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Based at The University of Edinburgh, the ESRC Genomics Policy and Research Forum is part of the ESRC Genomics Network and pioneers new ways to promote and communicate social research on the contemporary life sciences.

Tuesday, 7 June 2011

Welsh Wonders

Another recommendation for reading…Stephen Jay Gould’s “Wonderful Life”…not an essay on the cinema of Frank Capra…but a radical, readable exposition on the fossils of early Cambrian creatures found by Thomas Walcott in the Burgess Pass in the Rockies more than a hundred years ago now…and reclassified in the 70s and 80s by Simon Conway Morris inter alia…

Gould uses the bizarre (to us) features of these creatures to propose a radical new model for evolution…that instead of the story of life on earth being one of simplicity evolving into complexity…we all of sudden STARTED complex…and have been getting simpler ever since…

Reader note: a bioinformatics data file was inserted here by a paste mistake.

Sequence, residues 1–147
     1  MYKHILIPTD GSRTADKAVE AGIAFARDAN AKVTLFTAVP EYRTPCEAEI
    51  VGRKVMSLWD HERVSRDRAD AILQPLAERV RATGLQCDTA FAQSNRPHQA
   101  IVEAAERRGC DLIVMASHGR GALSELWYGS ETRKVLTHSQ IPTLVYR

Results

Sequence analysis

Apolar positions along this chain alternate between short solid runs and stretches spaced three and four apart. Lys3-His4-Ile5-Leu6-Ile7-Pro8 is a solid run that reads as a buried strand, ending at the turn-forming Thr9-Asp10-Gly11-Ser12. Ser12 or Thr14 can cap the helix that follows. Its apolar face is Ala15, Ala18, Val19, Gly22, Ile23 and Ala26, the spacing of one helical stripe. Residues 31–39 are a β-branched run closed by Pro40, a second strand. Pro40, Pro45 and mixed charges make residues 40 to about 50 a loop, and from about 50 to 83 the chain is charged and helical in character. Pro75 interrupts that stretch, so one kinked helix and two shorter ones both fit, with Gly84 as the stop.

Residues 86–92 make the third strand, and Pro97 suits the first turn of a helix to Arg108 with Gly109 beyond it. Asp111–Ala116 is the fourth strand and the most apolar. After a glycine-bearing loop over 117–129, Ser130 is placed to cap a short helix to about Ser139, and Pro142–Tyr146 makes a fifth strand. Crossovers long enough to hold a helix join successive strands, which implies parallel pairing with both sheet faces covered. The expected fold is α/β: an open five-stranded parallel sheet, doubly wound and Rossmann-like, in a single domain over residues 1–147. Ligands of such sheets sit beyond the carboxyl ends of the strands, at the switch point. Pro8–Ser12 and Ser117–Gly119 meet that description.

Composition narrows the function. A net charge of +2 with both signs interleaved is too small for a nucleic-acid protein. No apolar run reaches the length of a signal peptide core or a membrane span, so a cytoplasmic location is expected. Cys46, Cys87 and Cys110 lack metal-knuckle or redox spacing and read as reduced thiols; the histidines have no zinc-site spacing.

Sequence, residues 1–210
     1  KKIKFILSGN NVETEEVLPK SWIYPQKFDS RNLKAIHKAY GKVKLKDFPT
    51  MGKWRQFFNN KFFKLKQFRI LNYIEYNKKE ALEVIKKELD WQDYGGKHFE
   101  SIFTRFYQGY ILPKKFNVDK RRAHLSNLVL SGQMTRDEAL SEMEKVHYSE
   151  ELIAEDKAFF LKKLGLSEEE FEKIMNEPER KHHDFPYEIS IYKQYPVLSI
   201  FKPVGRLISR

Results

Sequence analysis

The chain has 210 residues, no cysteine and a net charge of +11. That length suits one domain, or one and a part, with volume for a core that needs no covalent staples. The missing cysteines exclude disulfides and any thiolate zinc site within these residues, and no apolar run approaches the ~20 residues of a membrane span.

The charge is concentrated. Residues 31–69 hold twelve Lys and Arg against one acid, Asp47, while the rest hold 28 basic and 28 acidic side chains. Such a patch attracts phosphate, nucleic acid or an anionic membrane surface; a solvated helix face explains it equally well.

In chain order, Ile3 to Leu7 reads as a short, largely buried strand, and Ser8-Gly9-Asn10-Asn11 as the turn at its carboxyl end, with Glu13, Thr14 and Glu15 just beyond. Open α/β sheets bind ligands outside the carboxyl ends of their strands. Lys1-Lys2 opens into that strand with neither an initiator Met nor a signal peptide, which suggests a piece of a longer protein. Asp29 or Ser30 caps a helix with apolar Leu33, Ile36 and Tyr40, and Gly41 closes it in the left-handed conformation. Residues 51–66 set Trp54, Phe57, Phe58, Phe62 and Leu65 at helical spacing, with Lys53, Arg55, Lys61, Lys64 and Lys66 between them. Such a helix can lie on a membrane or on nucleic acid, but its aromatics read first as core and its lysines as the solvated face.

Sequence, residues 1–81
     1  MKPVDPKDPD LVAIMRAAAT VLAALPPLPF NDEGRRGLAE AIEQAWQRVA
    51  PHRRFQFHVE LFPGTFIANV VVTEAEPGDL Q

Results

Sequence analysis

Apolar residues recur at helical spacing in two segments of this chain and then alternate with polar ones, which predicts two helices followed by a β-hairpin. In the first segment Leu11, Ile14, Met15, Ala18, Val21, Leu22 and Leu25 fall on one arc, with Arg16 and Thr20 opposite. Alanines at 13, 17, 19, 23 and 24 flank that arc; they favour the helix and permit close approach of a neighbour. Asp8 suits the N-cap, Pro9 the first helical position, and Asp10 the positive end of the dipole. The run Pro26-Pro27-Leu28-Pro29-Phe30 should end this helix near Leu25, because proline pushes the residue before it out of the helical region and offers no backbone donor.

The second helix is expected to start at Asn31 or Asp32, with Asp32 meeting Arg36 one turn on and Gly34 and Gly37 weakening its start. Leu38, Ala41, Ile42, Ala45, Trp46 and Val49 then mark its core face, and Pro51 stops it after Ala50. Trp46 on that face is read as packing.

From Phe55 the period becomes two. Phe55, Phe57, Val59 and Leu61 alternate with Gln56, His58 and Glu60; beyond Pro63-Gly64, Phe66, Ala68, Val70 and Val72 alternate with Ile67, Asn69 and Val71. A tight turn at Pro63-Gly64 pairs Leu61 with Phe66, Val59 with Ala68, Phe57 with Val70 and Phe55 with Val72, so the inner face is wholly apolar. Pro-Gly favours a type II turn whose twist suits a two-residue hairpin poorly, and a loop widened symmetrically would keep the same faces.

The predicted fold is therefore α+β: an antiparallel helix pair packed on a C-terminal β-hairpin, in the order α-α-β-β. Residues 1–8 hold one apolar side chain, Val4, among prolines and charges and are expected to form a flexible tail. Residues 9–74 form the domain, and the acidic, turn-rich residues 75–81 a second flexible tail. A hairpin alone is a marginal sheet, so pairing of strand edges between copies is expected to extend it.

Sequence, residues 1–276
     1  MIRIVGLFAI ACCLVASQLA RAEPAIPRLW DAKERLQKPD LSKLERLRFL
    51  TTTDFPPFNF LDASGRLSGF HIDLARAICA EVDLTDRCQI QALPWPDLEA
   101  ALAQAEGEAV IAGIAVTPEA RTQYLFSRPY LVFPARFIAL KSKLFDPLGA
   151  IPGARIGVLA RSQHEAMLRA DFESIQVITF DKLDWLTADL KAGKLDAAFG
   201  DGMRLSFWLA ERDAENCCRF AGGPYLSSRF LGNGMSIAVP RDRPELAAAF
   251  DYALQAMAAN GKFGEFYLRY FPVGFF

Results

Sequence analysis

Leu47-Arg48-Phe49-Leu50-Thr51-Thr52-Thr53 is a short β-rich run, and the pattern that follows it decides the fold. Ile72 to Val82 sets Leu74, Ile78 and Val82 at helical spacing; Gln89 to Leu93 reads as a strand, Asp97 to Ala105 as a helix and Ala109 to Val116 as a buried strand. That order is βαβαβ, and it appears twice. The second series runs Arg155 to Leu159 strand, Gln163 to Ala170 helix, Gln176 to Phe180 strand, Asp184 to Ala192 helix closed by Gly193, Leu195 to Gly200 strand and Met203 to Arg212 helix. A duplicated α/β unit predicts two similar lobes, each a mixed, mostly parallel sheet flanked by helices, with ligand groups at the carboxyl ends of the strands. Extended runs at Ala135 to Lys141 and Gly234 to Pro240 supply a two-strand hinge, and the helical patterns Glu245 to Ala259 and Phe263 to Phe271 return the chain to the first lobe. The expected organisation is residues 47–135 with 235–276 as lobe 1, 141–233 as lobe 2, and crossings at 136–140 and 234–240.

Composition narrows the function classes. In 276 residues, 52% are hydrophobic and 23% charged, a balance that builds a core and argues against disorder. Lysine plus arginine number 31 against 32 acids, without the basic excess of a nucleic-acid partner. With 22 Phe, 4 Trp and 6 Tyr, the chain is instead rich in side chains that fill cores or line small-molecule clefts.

(Conway \Morris’s own book on the Burgess Fauna – and more recent discoveries in China - The Crucible of Creation, I also recommend. Morris thinks that Gould’s use of the fossils to turn all of conventional evolutionary thought on its head is “premature” – which is science speak for “bollocks”)

I love a good fight, me.

A wee note…Cambrian means “Welsh”…because it was in Wales that rocks of that age were first ordered by geologists…though they didn’t know then WHAT age…and take a peek at Hallucigenia or Anomalocaris …(two of the oddities found by Walcott) and you think:

“ Wales…hum…isn’t that where they’re making Doctor Who?”

Thats Opabina with five eye stalks up there by the way...and Hallucigenia is the wee fellow with the spines bottom right...

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